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Gewählte Publikation:

Tiefenbacher, A; Weigelhofer, G; Klik, A; Mabit, L; Santner, J; Wenzel, W; Strauss, P.
(2021): Antecedent soil moisture and rain intensity control pathways and quality of organic carbon exports from arable land
CATENA. 2021; 202, 105297 FullText FullText_BOKU

Under conditions of climate change, the severity and probability of storm events and droughts are expected to increase, this may affect the partitioning into surface and subsurface runoff. However, there is still a debate on how such extreme weather conditions affect the leaching of soil organic carbon. The aim of this study was to ascertain the impact of rainfall intensity (63 vs 79 mm h(-1)) and antecedent soil moisture (Matric potential: -10 hPa vs -450 hPa) on flow partitioning in the transportation (fluxes and timing) of dissolved (DOC) and particulate organic carbon (POC). Rainfall simulation experiments using undisturbed soil monoliths (1 m x 0.5 m x 0.3 m) allowed to monitor the transport of water, sediments, DOC, and POC via surface and shallow subsurface runoff. In addition, the composition of the leached organic matter was analysed using photometric and fluorometric methods. Most of the organic carbon was transported as POC via surface runoff. In the surface runoff, the influence of antecedent soil moisture on POC loss was larger than rainfall intensity, while rainfall intensity had a greater influence on DOC losses. Under initially unsaturated conditions, surface sealing reduced the infiltration rate, thus fuelling the total surface runoff, which, in turn, enhanced the transported total sediment and POC load of the surface runoff. While POC dominated surface runoff, DOC played a crucial role in the subsurface runoff with higher DOC concentrations under unsaturated conditions. In contrast to other treatments, DOC exported from unsaturated soils rained with high intensity had a unique composition with the highest proportion of humic-like peaks (A, M, C), protein-like peaks (T) and components (C4), suggesting a concentrating effect on DOC at those soils. Altogether, this research acquires new insights into how flow partitioning under extreme weather conditions affects organic carbon losses and which transport mechanism might pose a risk for aquatic systems.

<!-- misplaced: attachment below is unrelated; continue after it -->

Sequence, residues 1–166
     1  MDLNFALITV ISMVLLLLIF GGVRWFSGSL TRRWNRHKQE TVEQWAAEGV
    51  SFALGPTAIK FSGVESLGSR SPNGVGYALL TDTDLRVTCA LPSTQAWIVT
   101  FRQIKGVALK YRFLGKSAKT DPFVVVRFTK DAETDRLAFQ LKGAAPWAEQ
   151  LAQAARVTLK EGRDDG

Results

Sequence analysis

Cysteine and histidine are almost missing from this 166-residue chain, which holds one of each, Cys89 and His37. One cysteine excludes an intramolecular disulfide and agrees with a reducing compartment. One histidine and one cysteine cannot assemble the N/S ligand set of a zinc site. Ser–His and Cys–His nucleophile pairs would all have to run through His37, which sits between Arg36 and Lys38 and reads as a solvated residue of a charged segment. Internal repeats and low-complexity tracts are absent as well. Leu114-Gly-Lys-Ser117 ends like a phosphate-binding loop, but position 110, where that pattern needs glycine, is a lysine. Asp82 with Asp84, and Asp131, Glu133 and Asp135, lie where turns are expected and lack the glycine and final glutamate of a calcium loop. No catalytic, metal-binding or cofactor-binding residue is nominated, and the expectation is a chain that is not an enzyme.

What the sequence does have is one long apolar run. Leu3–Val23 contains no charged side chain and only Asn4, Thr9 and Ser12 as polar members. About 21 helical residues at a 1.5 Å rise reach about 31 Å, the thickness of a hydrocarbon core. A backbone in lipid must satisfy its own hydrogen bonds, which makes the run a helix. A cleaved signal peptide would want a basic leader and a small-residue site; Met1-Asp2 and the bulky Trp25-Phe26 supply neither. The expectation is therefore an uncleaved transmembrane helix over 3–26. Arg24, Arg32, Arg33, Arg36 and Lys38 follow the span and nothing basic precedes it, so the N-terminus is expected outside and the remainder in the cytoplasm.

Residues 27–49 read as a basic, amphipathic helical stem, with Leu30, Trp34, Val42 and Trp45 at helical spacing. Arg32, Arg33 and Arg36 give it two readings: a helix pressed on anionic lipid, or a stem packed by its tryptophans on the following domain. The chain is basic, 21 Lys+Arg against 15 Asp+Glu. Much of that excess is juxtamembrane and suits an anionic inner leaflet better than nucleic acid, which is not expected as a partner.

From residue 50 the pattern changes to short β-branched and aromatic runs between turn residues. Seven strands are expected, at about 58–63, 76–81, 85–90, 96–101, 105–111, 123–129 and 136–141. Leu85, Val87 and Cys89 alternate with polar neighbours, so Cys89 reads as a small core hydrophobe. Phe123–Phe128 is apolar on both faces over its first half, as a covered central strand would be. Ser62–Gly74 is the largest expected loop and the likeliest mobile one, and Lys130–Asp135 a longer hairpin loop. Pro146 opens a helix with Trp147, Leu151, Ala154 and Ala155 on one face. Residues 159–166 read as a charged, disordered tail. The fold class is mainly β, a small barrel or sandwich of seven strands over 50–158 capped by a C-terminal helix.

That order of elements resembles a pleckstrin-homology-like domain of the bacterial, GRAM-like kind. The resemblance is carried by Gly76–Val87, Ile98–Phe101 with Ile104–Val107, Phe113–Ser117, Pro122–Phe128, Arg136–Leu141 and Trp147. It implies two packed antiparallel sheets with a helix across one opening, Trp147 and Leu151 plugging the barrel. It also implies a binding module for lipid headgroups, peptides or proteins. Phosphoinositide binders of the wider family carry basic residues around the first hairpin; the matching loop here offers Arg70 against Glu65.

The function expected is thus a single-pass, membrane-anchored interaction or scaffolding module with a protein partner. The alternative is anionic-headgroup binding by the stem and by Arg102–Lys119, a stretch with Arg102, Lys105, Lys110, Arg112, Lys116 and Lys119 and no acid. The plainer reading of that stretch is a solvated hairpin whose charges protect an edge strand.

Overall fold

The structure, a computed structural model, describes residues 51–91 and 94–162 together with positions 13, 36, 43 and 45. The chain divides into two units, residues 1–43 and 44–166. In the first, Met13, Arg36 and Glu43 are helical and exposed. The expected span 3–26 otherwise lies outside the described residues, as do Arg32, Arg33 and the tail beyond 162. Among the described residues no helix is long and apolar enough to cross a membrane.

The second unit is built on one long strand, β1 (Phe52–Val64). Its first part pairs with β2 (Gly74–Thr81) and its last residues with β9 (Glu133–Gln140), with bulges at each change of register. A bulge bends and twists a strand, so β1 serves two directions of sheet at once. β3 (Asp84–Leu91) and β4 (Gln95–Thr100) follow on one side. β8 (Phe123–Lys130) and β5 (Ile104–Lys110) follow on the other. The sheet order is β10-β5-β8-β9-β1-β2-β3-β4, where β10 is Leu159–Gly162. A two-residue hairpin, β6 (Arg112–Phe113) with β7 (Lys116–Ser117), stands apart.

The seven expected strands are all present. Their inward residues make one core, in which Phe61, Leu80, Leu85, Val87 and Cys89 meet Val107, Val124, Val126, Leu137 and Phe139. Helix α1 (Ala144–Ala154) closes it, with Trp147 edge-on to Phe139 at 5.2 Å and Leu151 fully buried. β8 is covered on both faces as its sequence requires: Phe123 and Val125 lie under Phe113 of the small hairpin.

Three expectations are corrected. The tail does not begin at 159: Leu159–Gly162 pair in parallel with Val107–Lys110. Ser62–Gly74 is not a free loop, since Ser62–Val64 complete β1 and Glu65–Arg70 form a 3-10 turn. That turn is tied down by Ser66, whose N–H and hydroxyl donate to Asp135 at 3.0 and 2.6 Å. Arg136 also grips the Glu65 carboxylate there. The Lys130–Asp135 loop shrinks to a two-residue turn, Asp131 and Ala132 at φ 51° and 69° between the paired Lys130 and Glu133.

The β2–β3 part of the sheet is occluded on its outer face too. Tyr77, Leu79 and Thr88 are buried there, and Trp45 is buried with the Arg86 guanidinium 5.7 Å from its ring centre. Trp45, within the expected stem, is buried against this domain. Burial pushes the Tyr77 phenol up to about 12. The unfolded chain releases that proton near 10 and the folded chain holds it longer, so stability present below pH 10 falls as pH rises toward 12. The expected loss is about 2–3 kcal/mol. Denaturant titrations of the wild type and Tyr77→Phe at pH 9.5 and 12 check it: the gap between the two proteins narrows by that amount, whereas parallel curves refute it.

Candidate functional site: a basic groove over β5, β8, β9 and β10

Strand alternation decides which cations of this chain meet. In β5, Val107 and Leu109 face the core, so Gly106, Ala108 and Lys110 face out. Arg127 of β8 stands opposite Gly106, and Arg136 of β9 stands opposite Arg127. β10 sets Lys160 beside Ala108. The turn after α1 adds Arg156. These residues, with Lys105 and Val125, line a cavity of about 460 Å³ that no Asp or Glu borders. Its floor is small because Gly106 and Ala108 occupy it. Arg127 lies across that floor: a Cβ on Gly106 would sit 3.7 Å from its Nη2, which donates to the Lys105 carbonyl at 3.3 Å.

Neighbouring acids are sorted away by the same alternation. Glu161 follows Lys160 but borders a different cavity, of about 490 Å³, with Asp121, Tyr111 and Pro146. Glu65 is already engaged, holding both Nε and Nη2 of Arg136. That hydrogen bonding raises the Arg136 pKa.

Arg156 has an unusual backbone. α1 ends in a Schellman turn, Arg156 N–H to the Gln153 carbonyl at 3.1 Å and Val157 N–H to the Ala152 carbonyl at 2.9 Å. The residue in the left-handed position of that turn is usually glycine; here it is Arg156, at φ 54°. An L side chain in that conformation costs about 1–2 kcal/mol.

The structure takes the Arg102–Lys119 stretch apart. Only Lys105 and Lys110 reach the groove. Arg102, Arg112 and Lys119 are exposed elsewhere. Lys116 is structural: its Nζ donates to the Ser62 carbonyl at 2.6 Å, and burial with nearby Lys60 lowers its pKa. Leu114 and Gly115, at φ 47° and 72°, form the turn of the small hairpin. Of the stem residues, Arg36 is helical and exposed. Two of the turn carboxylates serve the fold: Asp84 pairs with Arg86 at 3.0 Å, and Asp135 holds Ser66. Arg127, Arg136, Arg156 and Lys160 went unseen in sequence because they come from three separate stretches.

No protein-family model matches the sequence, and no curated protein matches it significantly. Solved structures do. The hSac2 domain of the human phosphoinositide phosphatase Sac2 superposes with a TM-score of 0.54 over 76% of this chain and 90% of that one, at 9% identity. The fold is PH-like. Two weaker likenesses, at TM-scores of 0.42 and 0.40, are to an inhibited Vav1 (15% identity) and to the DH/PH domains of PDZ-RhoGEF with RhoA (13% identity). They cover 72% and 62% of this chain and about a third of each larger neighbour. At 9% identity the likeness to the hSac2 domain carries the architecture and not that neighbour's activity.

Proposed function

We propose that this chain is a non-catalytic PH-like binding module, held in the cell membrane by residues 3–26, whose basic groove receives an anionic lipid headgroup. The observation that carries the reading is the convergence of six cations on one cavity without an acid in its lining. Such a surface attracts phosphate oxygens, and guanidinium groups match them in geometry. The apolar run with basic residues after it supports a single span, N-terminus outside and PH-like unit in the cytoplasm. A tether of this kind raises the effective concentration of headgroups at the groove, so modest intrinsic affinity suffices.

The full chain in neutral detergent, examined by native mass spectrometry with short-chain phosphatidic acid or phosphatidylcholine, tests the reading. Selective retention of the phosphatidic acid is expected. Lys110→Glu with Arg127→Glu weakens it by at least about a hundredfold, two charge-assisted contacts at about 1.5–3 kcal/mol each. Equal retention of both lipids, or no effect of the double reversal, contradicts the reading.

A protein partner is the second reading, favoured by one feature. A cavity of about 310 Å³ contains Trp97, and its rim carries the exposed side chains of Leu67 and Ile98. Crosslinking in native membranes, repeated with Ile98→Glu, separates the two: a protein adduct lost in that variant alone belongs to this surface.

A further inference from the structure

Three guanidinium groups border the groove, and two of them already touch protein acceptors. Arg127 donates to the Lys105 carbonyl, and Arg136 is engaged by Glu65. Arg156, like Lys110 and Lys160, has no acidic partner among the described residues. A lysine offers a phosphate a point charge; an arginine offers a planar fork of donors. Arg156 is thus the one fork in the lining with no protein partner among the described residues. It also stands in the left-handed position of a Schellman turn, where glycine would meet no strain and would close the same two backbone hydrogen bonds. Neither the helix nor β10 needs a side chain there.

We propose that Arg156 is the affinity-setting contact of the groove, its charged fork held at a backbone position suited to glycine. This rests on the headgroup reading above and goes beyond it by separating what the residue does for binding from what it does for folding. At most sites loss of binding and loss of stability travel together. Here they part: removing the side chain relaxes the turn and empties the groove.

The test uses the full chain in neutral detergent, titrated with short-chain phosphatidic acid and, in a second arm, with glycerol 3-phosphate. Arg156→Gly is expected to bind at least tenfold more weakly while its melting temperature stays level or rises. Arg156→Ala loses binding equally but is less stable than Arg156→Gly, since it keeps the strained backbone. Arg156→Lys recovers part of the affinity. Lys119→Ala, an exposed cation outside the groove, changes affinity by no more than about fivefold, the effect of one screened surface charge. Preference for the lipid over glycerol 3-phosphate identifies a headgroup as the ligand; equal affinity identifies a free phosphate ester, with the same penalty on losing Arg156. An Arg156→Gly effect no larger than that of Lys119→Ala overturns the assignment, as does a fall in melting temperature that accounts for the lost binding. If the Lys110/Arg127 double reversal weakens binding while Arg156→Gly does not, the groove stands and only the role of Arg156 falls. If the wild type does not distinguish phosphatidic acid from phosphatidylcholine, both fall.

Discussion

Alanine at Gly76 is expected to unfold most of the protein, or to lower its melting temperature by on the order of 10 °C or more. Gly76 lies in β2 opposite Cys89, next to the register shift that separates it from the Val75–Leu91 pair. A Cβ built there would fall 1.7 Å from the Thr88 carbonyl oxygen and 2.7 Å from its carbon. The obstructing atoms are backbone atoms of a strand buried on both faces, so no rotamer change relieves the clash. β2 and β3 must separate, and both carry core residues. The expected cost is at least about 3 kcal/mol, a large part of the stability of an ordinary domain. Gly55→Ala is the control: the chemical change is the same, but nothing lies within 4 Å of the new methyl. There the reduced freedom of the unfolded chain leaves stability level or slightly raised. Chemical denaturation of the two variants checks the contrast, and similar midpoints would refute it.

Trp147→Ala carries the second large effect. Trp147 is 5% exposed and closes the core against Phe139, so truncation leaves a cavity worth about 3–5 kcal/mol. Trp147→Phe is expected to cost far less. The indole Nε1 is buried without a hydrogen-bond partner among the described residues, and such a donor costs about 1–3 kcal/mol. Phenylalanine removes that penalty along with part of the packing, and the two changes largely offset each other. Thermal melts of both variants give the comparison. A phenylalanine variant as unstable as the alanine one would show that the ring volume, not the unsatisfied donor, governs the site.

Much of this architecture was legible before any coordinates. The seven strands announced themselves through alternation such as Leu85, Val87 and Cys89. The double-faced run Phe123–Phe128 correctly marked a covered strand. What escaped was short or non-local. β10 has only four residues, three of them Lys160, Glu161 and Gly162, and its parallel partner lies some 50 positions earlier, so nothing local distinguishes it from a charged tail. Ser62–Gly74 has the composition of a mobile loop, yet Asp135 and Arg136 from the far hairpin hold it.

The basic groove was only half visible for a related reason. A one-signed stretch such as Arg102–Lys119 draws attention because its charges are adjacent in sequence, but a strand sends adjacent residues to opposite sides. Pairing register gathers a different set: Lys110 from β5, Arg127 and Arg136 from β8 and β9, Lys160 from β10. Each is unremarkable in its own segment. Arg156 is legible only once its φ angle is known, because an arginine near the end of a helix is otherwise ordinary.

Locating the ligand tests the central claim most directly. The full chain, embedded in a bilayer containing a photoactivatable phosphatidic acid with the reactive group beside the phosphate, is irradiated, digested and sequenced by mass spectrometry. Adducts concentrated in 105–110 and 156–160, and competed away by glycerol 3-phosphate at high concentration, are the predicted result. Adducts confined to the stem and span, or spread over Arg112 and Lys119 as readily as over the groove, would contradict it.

Autor*innen der BOKU Wien:
Klik Andreas
Santner Jakob
Tiefenbacher Alexandra
Weigelhofer Gabriele
Wenzel Walter
BOKU Gendermonitor:

Find related publications in this database (Keywords)
Surface runoff
Dissolved organic carbon (DOC)
Particulate organic carbon (POC)
Subsurface runoff
Rainfall simulation
Agricultural soil

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